A Very Mutinous People: The Struggle for North Carolina, 1660-1713

A Very Mutinous People: The Struggle for North Carolina, 1660-1713

A Very Mutinous People: The Struggle for North Carolina, 1660-1713

A Very Mutinous People: The Struggle for North Carolina, 1660-1713


Historians have often glorified eighteenth-century Virginia planters' philosophical debates about the meaning of American liberty. But according to Noeleen McIlvenna, the true exemplars of egalitarian political values had fled Virginia's plantation society late in the seventeenth century to create the first successful European colony in the Albemarle, in present-day North Carolina.

Making their way through the Great Dismal Swamp, runaway servants from Virginia joined other renegades to establish a free society along the most inaccessible Atlantic coastline of North America. They created a new community on the banks of Albemarle Sound, maintaining peace with neighboring Native Americans, upholding the egalitarian values of the English Revolution, and ignoring the laws of the mother country.

Tapping into previously unused documents, McIlvenna explains how North Carolina's first planters struggled to impose a plantation society upon the settlers and how those early small farmers, defending a wide franchise and religious toleration, steadfastly resisted. She contends that the story of the Albemarle colony is a microcosm of the greater process by which a conglomeration of loosely settled, politically autonomous communities eventually succumbed to hierarchical social structures and elite rule. Highlighting the relationship between settlers and Native Americans, this study leads to a surprising new interpretation of the Tuscarora War.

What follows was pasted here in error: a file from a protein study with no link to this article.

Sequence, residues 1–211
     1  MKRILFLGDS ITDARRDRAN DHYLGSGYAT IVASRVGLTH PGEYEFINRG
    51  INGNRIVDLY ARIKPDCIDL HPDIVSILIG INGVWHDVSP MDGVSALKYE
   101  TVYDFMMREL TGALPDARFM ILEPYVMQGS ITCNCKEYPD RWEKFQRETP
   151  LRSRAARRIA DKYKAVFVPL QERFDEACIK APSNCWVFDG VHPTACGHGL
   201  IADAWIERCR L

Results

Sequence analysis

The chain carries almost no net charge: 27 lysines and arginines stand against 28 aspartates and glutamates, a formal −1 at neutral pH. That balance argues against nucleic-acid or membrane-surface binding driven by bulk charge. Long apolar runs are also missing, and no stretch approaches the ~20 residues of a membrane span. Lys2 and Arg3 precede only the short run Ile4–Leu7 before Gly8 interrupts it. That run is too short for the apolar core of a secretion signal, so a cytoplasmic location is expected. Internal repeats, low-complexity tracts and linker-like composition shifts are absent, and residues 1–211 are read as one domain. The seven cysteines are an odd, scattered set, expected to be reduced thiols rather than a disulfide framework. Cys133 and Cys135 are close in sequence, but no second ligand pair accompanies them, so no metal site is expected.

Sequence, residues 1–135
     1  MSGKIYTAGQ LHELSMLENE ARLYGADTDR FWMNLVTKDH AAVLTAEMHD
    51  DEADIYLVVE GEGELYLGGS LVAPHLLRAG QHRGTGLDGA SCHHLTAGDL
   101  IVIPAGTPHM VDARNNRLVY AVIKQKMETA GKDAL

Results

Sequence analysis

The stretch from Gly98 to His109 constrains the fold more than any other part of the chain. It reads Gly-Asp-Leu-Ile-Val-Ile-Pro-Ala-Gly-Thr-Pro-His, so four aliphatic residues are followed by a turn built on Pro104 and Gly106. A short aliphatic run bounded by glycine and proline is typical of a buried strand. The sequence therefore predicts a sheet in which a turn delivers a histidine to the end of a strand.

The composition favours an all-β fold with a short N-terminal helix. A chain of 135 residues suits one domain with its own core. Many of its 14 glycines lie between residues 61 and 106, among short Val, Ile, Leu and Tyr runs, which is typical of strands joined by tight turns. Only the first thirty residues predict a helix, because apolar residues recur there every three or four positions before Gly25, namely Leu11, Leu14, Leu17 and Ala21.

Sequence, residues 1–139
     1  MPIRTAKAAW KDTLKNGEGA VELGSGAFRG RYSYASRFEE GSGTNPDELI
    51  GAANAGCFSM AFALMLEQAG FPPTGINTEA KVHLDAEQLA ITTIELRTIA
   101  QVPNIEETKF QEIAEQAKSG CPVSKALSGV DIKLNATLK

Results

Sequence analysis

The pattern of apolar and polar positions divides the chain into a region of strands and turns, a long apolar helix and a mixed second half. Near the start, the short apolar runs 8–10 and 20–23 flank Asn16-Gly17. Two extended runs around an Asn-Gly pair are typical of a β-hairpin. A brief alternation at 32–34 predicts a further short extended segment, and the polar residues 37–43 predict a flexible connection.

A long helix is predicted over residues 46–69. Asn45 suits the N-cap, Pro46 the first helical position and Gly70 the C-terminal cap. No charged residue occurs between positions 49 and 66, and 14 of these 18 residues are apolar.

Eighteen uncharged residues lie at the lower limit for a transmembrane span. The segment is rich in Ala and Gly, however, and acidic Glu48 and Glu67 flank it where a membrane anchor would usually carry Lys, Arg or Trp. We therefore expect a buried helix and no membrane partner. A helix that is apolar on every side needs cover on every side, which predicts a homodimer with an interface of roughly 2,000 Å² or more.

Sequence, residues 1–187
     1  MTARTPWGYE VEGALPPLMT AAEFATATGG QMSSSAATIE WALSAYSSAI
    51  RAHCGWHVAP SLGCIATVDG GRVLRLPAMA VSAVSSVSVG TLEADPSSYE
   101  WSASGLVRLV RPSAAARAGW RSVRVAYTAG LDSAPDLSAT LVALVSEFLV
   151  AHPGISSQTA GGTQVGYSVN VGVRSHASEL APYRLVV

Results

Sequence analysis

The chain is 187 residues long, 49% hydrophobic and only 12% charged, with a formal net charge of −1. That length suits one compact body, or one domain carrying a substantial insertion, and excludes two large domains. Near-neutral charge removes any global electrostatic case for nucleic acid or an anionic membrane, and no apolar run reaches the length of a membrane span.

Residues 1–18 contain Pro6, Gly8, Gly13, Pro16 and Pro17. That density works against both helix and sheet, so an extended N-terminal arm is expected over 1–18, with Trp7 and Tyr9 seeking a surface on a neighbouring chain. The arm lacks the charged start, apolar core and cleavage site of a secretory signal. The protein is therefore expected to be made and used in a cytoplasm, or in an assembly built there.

“Wee will have noe Lords noe Landgraves noe Cassiques we renounce them all.” With these words, the earliest settlers of North Carolina declared their complete rejection of any social hierarchy in their colony: aristocrats not welcome. Settlers extended no deference to those who prided themselves on social superiority by means of either blood or land. Enveloped by colonies ruled by ambitious men intent on becoming America’s peerage, North Carolina’s colonists defected, voting with their feet for their own liberation. They set out to build and defend, with force if necessary, a society of equals. the only safe place to build such a utopian community was in the shadows of the British empire: a remote, swampy, hurricane-prone region where communication with the outside world meant a struggle through boggy terrain, where every household had to fend for itself, and where life did not lend itself to dreams of great prosperity. the settlers carved out an independent society on a dangerous coast with no luxuries save one: the opportunity to answer to no one but themselves. But after years laboring for others without pay, that opportunity felt like opulence.

The mainland colonies along the American Atlantic coast accommodated all kinds of experimental societies in the early seventeenth century: Puritans setting up godly communities in New England, tobacco plantations scattered along the rivers flowing into the Chesapeake, a cosmopolitan, international trade center at New Amsterdam. While most European immigrants came from countries with tightly delineated social classes, supposedly socialized in behaviors demanding deference . . .

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